FAIRFIELD — The first Mission Solano Thanksgiving Day meal giveaway in 1998 consisted of a couple of staff members, a small group of volunteers and a van filled with 100 turkeys.
That’s a far cry from Tuesday, as 470 turkeys and goods for a traditional meal were handed out to people who lined up around the block.
The lines started early at the Community Outreach Center on Travis Boulevard, which took over the parking lot of nearby Fairfield-Suisun Adult School to accommodate the crowds. Vehicles were corralled in three groups, which spilled out to Fairfield Avenue and around to Travis Boulevard. A lengthy line of those on foot also formed.
Greeting them was a large group of volunteers who handled the paperwork of those who had previously registered for the meal. Several volunteers could be seen carrying a box of food to a vehicle for those who couldn’t lift it.
Around 100 turkeys were dropped off Tuesday alone by the public to make sure all those who arrived were served, said Rod Malloy, chief operations officer for Mission Solano.
“Everyone got turkeys. It’s incredible,” Malloy said after the event. “That’s the miracle of this thing. We always have enough to give out. It’s pretty incredible to think about.”
So many were given away that Mission Solano now needs 10 to 12 turkeys to cook for its annual Thanksgiving dinner Thursday. Malloy said the generosity seems to always come through in the end and hopes this year will be no different.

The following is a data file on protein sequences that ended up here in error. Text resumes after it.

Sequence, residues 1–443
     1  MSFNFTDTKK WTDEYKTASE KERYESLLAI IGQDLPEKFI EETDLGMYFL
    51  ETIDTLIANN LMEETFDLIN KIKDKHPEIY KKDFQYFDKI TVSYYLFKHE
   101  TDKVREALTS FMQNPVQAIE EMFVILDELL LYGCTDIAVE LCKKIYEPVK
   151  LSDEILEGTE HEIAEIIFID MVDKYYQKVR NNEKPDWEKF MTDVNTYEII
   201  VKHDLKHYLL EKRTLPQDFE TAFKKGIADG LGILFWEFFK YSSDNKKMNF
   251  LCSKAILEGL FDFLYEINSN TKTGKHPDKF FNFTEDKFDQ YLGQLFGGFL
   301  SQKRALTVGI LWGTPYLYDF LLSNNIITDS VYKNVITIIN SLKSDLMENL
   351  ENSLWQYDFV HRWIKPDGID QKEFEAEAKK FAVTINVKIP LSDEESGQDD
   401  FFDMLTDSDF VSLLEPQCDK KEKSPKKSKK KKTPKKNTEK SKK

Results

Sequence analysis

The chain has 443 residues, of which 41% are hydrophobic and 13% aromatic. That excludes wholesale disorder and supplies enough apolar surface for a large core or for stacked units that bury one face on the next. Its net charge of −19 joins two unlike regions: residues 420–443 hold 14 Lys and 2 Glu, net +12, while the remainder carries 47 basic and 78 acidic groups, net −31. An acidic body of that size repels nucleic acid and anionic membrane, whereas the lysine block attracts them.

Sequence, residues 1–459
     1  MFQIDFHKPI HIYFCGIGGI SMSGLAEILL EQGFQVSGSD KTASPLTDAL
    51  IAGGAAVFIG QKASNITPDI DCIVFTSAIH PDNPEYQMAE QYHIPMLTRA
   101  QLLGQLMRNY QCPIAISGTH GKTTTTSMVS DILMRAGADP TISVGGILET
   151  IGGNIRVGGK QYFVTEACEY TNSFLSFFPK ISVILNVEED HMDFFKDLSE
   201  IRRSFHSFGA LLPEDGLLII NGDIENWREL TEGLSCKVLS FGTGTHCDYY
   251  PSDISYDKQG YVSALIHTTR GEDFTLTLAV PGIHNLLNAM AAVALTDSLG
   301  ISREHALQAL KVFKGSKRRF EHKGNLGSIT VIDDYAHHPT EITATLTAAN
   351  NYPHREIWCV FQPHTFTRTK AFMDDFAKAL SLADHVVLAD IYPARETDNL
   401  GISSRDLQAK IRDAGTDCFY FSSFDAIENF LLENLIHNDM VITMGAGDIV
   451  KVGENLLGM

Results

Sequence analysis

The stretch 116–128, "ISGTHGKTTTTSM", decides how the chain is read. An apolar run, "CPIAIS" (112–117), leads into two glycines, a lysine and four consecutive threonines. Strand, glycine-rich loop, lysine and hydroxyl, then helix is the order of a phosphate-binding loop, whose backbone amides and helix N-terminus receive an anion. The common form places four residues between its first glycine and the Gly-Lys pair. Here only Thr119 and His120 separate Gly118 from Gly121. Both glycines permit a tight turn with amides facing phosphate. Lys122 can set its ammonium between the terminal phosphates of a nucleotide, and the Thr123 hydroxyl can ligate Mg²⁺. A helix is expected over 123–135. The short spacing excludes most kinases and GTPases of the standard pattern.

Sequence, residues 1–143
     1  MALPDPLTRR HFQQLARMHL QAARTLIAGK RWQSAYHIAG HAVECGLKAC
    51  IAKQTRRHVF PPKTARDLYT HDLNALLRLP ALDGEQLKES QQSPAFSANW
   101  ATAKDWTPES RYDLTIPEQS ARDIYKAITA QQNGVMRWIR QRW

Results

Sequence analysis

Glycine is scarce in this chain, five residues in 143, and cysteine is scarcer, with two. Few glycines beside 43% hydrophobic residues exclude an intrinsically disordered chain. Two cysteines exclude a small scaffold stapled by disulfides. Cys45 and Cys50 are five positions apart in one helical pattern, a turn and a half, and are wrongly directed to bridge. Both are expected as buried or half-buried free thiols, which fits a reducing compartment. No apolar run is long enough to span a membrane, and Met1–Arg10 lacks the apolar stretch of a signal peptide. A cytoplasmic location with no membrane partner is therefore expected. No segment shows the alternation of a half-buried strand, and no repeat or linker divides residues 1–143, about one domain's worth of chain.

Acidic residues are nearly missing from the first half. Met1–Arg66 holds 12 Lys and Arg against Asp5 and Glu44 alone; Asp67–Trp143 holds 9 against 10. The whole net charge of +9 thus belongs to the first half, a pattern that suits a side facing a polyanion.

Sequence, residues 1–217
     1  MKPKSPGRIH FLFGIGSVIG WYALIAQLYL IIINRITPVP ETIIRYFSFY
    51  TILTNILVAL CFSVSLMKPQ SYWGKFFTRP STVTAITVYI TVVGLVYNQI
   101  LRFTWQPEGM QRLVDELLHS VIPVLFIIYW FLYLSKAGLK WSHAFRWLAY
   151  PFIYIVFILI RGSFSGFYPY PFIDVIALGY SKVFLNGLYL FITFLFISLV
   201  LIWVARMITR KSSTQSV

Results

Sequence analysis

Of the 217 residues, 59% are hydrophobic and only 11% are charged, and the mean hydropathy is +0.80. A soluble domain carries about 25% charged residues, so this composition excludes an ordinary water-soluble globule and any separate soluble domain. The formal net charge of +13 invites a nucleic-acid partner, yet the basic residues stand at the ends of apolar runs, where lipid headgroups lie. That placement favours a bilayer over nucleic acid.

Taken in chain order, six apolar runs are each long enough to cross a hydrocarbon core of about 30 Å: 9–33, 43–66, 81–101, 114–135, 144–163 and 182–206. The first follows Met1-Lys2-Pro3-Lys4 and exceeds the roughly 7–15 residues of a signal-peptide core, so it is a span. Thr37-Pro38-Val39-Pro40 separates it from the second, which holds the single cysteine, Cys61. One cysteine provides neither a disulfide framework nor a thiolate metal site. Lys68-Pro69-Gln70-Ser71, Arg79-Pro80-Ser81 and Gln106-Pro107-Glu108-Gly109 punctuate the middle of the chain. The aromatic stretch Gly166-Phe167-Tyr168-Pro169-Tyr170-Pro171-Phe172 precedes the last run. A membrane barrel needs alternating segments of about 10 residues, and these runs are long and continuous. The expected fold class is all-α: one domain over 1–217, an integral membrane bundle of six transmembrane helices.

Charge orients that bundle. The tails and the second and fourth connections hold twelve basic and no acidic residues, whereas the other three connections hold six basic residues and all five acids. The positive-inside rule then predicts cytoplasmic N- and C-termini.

One of those who showed up Tuesday was a familiar face to the staff. Kimberly McPike spent a couple of weeks at the shelter and five months at the Bridge to Life Center with her two sons. She moved into an apartment three months ago, where she will be cooking for 12 family members.
“It’s amazing. I get to cook,” McPike said. “I get to have time with my family I haven’t been able to spend a lot of time with. I’m so beyond excited.”
Ron Marlette, executive director of Mission Solano, stood and watched the line of people in cars waiting to pick up boxed meals, and thought back to his first go-round. The group had more people show up at True Love Baptist Church than there were meals to give out.
“Back then we went into homeless camps, churches and neighborhoods to let them know. Now, it’s just an annual event,” Marlette said. “We were thrilled to death just to do that. We’ve exploded and become such a valuable piece of the safety net for the community.”
Reach Danny Bernardini at 427-6935 or email@example.com. Follow him on Twitter at www.twitter.com/dbernardinidr.